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The Point of the Spear

Jim Thompson - 4/30/2023


Have any of you ever been a part of an intervention? How did that room feel? It’s so hard to sit a friend or family member down and have a serious talk with them about some destructive pattern in their life. But the whole scenario is borne out of love. Everybody at the intervention is there because they love the person who needs help. Sadly, the person who needs help doesn’t usually receive it as a loving gesture. Often, they actually feel the opposite of loved. They feel ganged up on. They feel attacked. So, what does grace look like in that scenario? We shouldn’t enable them. We shouldn’t ignore them. What’s the move? What do you do when grace feels more like a spotlight on unworthiness than a light in the darkness? Saul being spared by David in 1 Samuel 26 gives us insight into these questions.


Three Observations:

  • The Lord’s Anointed (26:9, 26:11, 26:16, 26:23)
  • Saul’s Words (26:21, etc.)
  • The Spear (26:7, 26:8. 26:11, 26:12, 26:16, 26:22)

Three Questions:

  • How do you show grace to others who don’t deserve it?

When you feel helpless to help people, what do you do? You must begin with the fact that God continually gives you grace, so who are you to withhold it from someone else? It’s foolish to think you have a greater sense of justice than God. That’s the starting point: we’re never called to be the arbiters of who deserves grace and who doesn’t because we’ve already established – none of us really do. Beyond this, we also have to recognize that extending grace to others can look wildly different. Sometimes we want grace to be loud and boisterous. We want it to be a storm or a fire, and sometimes it is. But sometimes, it’s a still, small voice, a whisper, or a missing spear. And this grace isn’t general niceness or tolerance. It calls sin “sin” and forgives anyway. It’s willing to be patient and present, and we show grace to others by imparting the same grace God has given us.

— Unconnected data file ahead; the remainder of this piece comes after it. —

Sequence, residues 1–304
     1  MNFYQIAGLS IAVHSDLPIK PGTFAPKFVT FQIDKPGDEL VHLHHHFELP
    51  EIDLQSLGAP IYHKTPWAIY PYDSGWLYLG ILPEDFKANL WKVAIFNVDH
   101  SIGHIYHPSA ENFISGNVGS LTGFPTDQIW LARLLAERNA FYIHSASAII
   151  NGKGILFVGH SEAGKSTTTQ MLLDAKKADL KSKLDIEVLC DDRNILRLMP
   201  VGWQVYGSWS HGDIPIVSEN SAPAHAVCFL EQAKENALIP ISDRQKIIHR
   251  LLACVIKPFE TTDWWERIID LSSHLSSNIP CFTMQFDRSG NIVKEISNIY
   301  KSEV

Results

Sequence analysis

Furthermore, sometimes we hold back on grace until we’re sure the person will be changed by it. This is not the way of Jesus. The night Jesus was arrested, he knew Judas was going to betray him, and he washed his feet anyway. And David shows Saul kindness, not knowing whether or not he’ll change. That’s not up to us. So, we pray and beg the Holy Spirit, “Please show me what grace needs to look like here so that I can love this person well so that they’ll trust and pay attention to Jesus.”